In 1999 I applied for a job in Adelaide. The job was to establish a new program for young deaf people focusing on developing positive mental health. The man who was groomsman at my wedding was the boss of the organisation offering the job. One might have thought that I would be a shoe-in for the role. Unfortunately not. My friend recognised, very early, that to be part of the interview process would be an enormous conflict of interest on his part. He stepped out of the process and appointed an interview panel of neutral people even though he had a keen interest and passion for the position on offer. Such integrity is very rare. In a world where people seek control and power my friend wanted to make sure the process was as fair as possible and that no-one could claim that it was one of those JOBS FOR THE BOYS. Subsequently I won the job and had the misfortune of having to share an office with my friend for over a year. He is not a morning person, he makes my wife seem like a Teletubby in comparison.
In 1998 I applied for another job as Services Manager. The make up of the panel was a stark contrast. The panel consisted of two people that lived together, the CEO and the chair of the organisation. The person that interpreted the interview was the girlfriend of the CEO and the chair was the sister of the interpreter. Very much a family affair. I had been part of the board of this organisation for a number of years. I had come into conflict with three of the people on the panel when part of a selection panel for the new CEO in 1995. It was acrimonious. What had occurred is that a woman had come out on top of the process – three votes to two. Two of the panel members refused to recognise the decision. To cut a long story short somehow the panel managed to select the person for the job that had originally finished last in the selection process. A classic example of cutting off your nose to spite your face. In my interview for the Services Manager position at least three of the panel of four had a clear conflict of interest but chose to remain part of the interview process. Not surprisingly I didn’t win the job and it is alleged, though I have never been able to prove it, that the eventual winner of the position was a close friend of the Chair. Perhaps the eventual winner won the position on merit BUT the conflicts of interest of the panel members that needed to be addressed were not. It cast unnecessary doubt on the integrity of the whole process.
In more recent times we have seen that people who are employees of service organisations for the deaf that are also part of peak bodies that potentially could be required to handle complaints or campaigns directed at the organisations that employ them. Indeed we have seen the situation where a person employed by one organisation competed against another organisation that the same person was part of the Board for a services contract. Now I am not suggesting that anything underhand happened but again this is a clear conflict of interest. Potentially the person could have inside information that could benefit one organisation over the other. It is not likely to happen but because the conflict of interest exists it raises questions over the integrity of the process.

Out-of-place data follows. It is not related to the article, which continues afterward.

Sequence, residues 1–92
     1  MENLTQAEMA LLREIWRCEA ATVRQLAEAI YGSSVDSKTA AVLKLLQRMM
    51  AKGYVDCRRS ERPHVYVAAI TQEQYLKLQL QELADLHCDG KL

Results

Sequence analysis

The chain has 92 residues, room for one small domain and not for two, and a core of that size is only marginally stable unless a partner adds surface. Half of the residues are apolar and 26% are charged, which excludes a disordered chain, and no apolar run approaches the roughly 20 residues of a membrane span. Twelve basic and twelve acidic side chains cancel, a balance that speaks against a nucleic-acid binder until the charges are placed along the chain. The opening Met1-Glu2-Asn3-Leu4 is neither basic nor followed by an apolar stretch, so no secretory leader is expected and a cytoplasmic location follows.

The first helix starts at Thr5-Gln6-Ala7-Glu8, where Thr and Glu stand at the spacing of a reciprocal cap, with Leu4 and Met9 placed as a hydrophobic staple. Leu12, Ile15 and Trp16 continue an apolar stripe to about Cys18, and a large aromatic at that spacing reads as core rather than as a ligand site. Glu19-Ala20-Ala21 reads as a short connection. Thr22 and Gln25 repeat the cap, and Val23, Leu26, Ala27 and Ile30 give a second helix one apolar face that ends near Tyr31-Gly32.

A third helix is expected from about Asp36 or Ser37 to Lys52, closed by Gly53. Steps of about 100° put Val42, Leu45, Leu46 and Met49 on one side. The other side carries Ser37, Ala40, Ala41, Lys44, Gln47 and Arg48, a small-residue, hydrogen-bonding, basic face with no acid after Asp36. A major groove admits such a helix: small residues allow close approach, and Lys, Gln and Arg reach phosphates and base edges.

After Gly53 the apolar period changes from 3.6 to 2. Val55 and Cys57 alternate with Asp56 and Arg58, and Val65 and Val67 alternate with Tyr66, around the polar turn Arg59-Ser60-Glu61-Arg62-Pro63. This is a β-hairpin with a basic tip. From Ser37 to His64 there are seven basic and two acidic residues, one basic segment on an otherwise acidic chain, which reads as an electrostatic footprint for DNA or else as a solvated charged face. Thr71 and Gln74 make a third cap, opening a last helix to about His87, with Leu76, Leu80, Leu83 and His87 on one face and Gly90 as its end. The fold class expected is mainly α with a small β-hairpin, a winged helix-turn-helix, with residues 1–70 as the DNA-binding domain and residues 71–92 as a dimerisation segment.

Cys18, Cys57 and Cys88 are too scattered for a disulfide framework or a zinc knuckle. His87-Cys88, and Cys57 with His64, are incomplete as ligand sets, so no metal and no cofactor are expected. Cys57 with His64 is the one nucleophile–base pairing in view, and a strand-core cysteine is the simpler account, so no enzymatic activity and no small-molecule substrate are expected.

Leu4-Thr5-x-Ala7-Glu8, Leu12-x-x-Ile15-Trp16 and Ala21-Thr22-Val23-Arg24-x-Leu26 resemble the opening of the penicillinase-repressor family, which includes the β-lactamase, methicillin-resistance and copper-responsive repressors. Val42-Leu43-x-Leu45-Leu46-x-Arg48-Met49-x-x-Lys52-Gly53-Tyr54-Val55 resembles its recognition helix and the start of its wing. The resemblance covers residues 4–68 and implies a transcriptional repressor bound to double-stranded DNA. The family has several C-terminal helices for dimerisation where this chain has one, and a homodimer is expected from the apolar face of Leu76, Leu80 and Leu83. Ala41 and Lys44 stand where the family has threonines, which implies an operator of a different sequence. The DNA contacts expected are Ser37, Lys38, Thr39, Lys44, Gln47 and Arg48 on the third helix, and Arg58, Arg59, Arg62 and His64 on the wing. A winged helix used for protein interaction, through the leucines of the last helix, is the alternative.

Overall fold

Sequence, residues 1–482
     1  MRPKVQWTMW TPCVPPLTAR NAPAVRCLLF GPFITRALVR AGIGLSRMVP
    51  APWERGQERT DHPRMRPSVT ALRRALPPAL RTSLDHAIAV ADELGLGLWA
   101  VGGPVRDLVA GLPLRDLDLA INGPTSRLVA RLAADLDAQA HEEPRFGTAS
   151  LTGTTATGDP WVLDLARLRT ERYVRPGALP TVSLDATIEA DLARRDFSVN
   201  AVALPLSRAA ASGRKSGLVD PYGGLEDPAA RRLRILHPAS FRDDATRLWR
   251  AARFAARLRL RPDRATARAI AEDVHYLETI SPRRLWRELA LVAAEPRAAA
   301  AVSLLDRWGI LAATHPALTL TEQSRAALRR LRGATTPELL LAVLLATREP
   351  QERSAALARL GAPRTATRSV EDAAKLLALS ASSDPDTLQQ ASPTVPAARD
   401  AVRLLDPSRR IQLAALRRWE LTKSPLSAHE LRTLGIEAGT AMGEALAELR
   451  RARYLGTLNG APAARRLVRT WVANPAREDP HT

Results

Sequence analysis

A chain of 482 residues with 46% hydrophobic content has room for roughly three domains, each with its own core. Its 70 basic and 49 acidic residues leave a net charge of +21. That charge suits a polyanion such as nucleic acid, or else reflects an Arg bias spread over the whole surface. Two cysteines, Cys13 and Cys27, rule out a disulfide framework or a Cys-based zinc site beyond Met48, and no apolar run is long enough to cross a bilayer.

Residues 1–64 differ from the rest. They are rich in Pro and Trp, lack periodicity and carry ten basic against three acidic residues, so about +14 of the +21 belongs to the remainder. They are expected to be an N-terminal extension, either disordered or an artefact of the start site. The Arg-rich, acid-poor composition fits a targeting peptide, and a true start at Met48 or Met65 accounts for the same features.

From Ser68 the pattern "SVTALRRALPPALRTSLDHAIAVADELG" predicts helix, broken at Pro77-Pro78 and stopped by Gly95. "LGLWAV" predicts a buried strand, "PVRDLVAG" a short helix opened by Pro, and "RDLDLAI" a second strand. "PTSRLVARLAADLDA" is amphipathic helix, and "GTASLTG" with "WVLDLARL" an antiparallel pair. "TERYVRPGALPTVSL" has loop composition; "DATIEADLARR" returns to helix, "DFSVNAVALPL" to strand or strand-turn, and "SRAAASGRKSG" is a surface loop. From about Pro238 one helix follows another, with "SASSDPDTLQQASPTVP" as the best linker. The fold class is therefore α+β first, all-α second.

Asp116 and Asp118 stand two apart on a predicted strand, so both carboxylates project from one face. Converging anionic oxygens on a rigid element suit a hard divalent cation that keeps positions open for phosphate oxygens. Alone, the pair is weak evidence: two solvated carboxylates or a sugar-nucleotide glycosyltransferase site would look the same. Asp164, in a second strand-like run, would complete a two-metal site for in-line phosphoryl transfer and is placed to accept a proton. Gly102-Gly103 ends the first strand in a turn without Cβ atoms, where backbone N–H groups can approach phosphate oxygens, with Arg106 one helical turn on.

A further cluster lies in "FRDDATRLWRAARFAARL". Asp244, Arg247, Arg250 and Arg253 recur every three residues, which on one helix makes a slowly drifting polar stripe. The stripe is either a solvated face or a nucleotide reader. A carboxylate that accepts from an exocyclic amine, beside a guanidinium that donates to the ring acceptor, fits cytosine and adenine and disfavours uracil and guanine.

Now clearly the deaf sector is very small. It has a pool of talented people and most of them know each other. Some have come into conflict and some have skills that they want to spread as far as possible to benefit deaf people. Very often there are glaring conflicts of interest. I firmly believe that one should not be involved in an interview process where past conflicts or relationships are likely to lead to a person prejudging an applicant. Because the deafness sector is so small and everyone knows everyone this very often happens. There are also potential conflicts of interest for individuals who have a business stake in the deaf sector. Can you imagine, for example, if the CEO of the Commonwealth Bank had millions of undeclared dollars invested in the National Australia Bank? In politics imagine if the Government was about to select the organisation to roll out the National Broadband Network and the minister responsible had a share portfolio with Telstra. Such scenarios would and have caused scandals. There is a reason why conflicts of interest must be declared. Sure the deaf sector is not quite dealing with issues of the scale in these examples but when glaring business conflicts of interest exist they need to be addressed or it casts a shadow over the integrity of the sector and sadly the usually well meaning individuals as well.
Currently I also have a conflict of interest. I write for The Rebuttal and am part of the Board of Deafness Forum Australia. In The Rebuttal I raise issues that are sometimes not the position of Deafness Forum Australia, in fact they sometimes are in direct conflict with the position of Deafness Forum. I am sometimes critical of Deaf Australia and by being critical I directly contribute to the conflict that exists between Deafness Forum and Deaf Australia. Although I get no financial gain from The Rebuttal I realise that the views I express are really a conflict of interest in regard to my position on the Board of Deafness Forum. While I believe strongly in the values of Deafness Forum it may well be the organisation is better served and has more integrity if I am not involved. It is a dilemma that I am currently mulling over very seriously.
Conflicts of interest in the deafness sector are the elephants in the room. Some exist at political and business level. There are people involved who could be accused of flogging their own agenda to death for financial and political gain but no-one will speak out about it. There are whispers in the background but no-one will come forward and openly discuss it. Perhaps it is time, for the benefit of the whole sector and for the development of integrity and trust, that the elephant is acknowledged and tamed.